USA: New law for more transparency in online trade

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The INFORM Consumers Act will require e‑commerce marketplaces in the USA to collect important data from high-volume third-party sellers. This is expected to help law enforcement agencies and customers identify fraudulent traders.

The new INFORM Consumers Act (Integrity, Notification, and Fairness in Online Retail Marketplaces (INFORM) Consumers Act), which was passed recently after years of discussions, impacts third-party vendors that generate a larger volume of sales on online platforms in the United States (so-called high-volume sellers). Once the new law comes into force, e‑commerce marketplaces would have to collect relevant data from these high-volume sellers. Next to trade in counterfeit goods, the new legislation also targets the sale of stolen goods. Many business representatives welcome the legislation, which was passed by the US Congress at the end of 2022 as part of the 2023 omnibus spending package and was also recently signed by President Joe Biden.

According to INFORM, the term high-volume sellers refers to larger third-party sellers with at least 200 direct sales totaling at least 5,000 dollars in value within twelve months. E‑commerce marketplaces such as Amazon or eBay would be required to request data such as government and tax IDs, banking details, and contact information from such online sellers in the future. This should make it easier for customers and, in particular, law enforcement agencies to identify fraudulent merchants that might, for example, have sold counterfeits over the Internet.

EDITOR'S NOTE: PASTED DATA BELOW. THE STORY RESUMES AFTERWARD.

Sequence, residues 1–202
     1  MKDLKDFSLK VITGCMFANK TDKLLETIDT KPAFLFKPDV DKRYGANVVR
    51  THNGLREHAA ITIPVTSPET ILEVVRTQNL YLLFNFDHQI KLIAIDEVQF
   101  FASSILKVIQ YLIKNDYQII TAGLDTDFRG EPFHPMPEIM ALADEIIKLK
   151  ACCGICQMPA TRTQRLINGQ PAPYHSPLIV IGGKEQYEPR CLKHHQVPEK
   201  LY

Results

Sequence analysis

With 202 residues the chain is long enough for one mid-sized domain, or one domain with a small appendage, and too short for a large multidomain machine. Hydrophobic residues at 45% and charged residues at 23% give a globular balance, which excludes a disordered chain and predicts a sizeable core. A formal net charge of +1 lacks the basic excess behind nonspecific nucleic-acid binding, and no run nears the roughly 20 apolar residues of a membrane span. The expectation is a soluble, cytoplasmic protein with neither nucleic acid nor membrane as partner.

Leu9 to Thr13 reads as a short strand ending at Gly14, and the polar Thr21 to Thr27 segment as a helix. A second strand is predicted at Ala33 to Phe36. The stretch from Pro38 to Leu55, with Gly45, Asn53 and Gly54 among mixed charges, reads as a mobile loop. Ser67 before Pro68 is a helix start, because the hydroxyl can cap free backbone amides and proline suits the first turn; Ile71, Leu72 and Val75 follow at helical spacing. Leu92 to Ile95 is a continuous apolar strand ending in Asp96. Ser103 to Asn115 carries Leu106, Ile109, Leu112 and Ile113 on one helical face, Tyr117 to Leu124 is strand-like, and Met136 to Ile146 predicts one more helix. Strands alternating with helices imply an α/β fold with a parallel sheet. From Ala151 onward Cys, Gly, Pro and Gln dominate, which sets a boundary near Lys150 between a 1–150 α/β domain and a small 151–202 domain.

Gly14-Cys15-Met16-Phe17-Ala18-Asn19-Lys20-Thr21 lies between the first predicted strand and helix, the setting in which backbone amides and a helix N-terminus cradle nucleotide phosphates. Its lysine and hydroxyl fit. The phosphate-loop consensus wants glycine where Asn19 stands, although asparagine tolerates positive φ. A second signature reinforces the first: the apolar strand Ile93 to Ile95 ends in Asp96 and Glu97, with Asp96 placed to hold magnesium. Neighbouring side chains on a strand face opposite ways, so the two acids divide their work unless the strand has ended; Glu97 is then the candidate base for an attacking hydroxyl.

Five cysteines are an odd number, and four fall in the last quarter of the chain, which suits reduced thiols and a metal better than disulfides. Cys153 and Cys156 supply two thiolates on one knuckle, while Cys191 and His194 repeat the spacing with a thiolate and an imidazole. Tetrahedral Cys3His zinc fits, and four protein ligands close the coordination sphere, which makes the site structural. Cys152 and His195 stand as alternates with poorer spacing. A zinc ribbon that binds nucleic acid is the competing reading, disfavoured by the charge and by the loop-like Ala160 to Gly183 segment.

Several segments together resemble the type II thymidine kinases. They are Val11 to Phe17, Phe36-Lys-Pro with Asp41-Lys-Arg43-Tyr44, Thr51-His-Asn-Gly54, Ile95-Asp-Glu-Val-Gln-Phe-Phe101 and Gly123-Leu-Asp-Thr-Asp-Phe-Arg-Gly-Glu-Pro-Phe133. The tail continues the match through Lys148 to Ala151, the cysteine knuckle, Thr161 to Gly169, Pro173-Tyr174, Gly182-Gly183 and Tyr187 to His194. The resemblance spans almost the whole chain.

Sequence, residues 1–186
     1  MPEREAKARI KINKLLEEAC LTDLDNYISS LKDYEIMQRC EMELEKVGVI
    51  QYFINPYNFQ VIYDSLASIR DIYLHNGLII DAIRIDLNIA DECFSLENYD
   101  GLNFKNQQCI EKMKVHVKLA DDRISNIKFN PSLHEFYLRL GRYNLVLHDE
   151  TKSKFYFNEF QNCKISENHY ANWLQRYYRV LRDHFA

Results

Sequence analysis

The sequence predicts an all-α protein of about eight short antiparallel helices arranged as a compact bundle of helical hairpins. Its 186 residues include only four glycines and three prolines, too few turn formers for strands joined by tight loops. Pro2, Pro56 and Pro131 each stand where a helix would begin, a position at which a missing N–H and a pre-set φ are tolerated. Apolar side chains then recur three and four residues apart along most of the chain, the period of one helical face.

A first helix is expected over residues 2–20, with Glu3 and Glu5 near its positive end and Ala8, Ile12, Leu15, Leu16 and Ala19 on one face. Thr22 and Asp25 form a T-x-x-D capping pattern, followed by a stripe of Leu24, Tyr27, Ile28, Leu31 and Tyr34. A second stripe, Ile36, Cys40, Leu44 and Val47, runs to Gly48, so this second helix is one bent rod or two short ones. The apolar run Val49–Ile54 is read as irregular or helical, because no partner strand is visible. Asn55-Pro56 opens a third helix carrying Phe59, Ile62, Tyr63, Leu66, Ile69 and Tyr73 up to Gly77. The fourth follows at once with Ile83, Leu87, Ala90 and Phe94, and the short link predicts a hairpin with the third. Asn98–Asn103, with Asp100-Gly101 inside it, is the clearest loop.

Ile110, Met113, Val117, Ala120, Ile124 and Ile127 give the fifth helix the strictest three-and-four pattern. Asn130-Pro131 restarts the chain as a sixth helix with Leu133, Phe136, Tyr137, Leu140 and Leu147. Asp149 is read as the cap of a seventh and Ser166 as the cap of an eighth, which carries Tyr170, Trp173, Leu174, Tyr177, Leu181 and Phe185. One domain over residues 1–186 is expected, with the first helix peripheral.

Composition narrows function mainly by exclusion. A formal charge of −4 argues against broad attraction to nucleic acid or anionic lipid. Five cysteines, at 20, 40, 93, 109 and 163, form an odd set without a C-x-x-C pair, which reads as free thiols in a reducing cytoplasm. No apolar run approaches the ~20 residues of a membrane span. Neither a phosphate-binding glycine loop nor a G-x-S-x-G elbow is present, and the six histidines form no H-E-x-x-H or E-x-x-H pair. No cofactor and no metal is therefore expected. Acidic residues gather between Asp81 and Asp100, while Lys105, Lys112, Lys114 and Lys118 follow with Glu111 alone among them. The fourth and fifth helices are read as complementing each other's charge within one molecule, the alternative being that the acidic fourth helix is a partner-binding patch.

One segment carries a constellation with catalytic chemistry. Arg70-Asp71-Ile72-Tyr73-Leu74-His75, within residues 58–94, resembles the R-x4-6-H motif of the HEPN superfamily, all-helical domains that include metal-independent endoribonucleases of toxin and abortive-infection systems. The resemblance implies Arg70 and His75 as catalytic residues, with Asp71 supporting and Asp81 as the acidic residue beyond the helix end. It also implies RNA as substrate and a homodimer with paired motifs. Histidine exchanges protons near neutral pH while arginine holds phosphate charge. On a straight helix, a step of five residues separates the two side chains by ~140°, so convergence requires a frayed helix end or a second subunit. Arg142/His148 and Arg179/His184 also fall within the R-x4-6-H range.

// “Online marketplaces offer criminal actors anonymity; INFORM now requires information verification for high-volume third-party sellers to help law enforcement and brands with prosecution efforts.“
Steve Lamar, president and chief executive, AAFA

Trade associations such as the American Apparel & Footwear Association (AAFA) and the Buy Safe America Coalition (BSA) emphasize the positive effects that the law could have and from which, according to AAFA, brand manufacturers and trademark holders could directly benefit. At the same time, however, AAFA and other associations expressed regret that the SHOP SAFE Act was not passed. Among other things, this second regulation would have required operators of e‑commerce platforms to also proactively check for illegal or counterfeit goods.

Meanwhile, in Europe, the European Union had passed far-reaching regulations on online trade last year with the EU’s Digital Services Act (DSA). The groundbreaking law on digital services is intended, among other things, to better protect online buyers from counterfeiting and to curb illegal online trade. For this, the bloc wants to make online platforms more accountable for taking faster and better action against counterfeiting traders.

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